PLDT shuts down over 3K domains with links to online child abuse

·2 min read

TO CONTINUE combating online child exploitation, telecommunication company PLDT and its wireless subsidiary Smart Communications Inc. (Smart), have strengthened their capabilities to block materials and domains linked to online child abuse.

With children spending more time on the web due to online learning, the PLDT Group, through its Cyber Security Operations Group, shut down 3,020 domains linked to online child abuse.

“Child pornography is a growing problem and it needs a whole nation approach. This cannot be done by a telco alone, by law enforcement but it also involves especially the agencies that are concerned with children,” Angel Redoble, first vice president and chief information security officer of PLDT Group and ePLDT Group and Smart, said.

On Tuesday, Feb. 9, 2021, the PLDT Group will participate in the worldwide “Safe Internet Day: Together for a Better Internet,” focusing on protecting not only the company’s assets but also the assets of enterprise customers, individual and home subscribers and all the children that are connected and using the network.

“We are protecting them from threats, not only against hackers but also individuals who are victimizing children,” he said.

PLDT and Smart have already developed a platform that will automatically block access to child porn materials.

Together with the Philippine Chamber of Telco Operators, the group also engaged the government in resolving conflicting laws that hamper anti-child porn efforts.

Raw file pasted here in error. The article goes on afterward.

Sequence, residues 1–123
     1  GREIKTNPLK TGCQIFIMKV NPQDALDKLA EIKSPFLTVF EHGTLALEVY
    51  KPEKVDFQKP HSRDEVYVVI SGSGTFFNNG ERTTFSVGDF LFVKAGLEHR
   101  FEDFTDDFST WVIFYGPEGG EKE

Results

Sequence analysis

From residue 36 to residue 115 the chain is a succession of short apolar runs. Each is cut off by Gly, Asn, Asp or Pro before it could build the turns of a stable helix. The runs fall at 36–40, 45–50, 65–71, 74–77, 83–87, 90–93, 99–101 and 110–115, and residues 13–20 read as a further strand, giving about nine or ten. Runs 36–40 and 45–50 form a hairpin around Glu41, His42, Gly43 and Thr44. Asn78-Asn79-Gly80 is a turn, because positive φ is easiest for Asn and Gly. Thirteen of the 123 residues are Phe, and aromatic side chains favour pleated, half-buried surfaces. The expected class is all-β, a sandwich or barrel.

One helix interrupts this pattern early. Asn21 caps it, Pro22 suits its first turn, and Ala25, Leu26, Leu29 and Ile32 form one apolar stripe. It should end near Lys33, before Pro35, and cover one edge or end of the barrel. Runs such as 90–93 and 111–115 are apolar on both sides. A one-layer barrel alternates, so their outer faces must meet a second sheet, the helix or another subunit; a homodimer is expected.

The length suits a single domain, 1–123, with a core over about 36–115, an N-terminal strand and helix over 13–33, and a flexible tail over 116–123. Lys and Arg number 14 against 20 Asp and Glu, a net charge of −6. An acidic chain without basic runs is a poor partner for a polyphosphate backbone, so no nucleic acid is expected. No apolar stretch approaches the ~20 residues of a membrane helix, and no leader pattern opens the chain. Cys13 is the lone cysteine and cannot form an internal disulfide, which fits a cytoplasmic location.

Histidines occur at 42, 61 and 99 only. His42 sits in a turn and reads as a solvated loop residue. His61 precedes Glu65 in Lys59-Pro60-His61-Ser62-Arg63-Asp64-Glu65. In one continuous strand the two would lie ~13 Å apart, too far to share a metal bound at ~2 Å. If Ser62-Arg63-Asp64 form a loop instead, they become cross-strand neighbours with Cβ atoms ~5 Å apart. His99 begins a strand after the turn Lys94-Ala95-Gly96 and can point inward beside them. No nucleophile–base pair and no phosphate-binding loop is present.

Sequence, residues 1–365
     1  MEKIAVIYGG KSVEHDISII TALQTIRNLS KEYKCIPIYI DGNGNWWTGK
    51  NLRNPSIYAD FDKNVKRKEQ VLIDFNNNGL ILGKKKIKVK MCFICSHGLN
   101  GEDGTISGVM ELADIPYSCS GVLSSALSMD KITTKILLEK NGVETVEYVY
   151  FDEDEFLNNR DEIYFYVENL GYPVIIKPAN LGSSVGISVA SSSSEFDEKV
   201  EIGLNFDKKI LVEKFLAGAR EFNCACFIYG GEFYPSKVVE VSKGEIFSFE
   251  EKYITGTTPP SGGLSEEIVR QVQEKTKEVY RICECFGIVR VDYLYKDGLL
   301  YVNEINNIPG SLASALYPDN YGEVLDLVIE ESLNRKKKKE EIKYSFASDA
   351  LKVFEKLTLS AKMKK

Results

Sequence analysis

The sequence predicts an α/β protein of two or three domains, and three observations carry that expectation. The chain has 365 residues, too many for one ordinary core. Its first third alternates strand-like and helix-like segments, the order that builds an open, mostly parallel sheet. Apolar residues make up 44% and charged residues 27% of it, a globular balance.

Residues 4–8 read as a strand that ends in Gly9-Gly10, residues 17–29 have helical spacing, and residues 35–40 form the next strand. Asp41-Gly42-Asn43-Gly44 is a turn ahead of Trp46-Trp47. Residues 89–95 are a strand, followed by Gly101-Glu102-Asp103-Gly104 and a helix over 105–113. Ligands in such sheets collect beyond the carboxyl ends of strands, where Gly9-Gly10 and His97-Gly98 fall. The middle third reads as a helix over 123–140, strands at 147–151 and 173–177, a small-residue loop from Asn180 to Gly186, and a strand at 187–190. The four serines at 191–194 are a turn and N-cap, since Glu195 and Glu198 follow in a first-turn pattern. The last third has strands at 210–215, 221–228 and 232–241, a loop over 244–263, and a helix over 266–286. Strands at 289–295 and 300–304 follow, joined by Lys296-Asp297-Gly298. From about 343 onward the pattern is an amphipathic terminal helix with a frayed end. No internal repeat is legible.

It works with local and international authorities as well as like-minded individuals and organizations in shutting down pages that host illicit content.

PLDT and Smart were the pioneer corporate entities in the Philippines to include child-centered policies in their business operations and to partner with the United Nations International Children’s Emergency Fund to embrace a culture that protects children’s rights in business. It also continues to partner and engage with the International Justice Mission (IJM), Kids for Kids PH, among others, with the intent of developing programs to directly engage customers and stakeholders.

Meanwhile, a study released by the Washington-based IJM in May 2020 revealed that the Philippines emerged as the global hotspot for online child sexual exploitation.

“The global shutdown with the Covid-19 pandemic seems to only be increasing these phenomena,” said US State Department official John Richmond, who oversees US efforts to combat human trafficking, in a report.

The wide use of English and availability of internet connections helped make the country a “global hotspot,” the report said. (JOB)